In my previous post I blogged about how there's no real mystery to academic achievement, how my teachers told me I'd be on my own in college so I studied accordingly. Now I want to talk about a lie that they told me:
One of my high school English teachers said that in college you're expected to read books that aren't explicitly assigned. She said that if a literature professor assigned a novel it was understood that besides reading the assigned novel you should be independently scouring the library for critiques of the novel and background on the writer, so that you could come to class prepared to contribute to the discussion.
I took that to heart. The summer before my freshman year of college I was given the reading list for the humanities class that I would take that fall. The class had a pretty long list of classic works, and I decided that I would read the thickest book on that list during the summer, so that when all hell broke loose in fall I would have the worst assignment out of the way. So I read The Brothers Karamazov. And then I did one better: I read a biography of Dostoyevsky, because my teacher said that you're supposed to be proactive like that.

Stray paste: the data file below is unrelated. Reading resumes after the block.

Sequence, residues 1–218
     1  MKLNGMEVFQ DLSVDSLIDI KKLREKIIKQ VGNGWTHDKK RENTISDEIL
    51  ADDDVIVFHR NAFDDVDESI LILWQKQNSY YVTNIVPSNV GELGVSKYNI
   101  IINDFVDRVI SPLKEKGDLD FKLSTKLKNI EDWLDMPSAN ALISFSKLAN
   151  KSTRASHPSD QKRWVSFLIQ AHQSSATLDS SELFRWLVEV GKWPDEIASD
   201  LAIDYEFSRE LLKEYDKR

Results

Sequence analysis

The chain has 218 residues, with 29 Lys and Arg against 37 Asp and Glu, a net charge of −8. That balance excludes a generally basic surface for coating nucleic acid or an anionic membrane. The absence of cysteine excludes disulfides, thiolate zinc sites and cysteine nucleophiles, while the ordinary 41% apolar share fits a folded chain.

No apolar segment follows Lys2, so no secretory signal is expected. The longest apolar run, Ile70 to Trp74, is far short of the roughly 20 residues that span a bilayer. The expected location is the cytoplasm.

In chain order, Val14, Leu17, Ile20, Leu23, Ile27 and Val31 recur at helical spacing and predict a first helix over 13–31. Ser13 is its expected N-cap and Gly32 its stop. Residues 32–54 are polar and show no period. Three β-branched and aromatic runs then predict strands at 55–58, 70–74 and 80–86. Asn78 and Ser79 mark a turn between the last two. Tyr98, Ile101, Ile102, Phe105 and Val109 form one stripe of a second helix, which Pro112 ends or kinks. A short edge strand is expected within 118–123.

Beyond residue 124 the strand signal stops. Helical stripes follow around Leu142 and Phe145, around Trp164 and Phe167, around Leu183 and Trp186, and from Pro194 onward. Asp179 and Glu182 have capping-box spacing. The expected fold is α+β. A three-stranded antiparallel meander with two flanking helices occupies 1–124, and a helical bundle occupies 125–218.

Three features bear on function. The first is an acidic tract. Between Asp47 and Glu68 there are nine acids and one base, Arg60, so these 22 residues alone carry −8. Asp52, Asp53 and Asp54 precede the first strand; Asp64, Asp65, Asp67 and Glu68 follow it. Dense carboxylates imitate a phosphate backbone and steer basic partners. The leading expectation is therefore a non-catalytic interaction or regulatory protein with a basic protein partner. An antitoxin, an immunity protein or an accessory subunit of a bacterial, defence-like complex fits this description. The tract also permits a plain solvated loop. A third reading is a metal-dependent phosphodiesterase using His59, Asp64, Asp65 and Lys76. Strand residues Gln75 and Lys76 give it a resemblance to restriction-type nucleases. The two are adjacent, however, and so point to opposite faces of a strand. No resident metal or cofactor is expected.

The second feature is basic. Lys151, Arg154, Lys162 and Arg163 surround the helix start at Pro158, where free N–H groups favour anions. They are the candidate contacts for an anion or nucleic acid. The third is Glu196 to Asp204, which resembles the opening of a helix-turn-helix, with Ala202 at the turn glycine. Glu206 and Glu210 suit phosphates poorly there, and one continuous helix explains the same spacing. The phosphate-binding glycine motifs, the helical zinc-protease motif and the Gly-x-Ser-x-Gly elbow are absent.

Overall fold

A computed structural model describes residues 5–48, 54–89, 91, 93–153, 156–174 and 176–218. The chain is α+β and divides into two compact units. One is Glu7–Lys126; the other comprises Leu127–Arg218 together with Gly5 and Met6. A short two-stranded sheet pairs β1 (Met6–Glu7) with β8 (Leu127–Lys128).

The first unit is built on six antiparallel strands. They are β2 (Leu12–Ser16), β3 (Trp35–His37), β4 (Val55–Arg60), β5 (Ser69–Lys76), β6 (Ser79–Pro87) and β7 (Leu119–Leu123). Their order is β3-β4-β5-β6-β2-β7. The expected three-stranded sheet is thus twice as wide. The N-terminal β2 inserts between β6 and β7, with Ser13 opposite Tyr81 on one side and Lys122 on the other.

Well, in the middle of that first semester we were reading Dostoyevsky (and chemistry was hard as hell and sucking up all my attention, so I was very glad that I was ahead in my humanities class), and during one of the discussions a classmate started offering assertions about the author's life and views and how they related to whatever scene in the novel. I honestly don't remember what her point was, but I do remember that her assertion about Dostoyevsky's life was 100% wrong (remember, I'd actually read a biography of him, though I don't remember much of it 23 years later), and when I pointed that out the professor and class were rather uninterested.
So much for the idea that you have to be on top of things in college. Mrs. Sadowsky lied to me!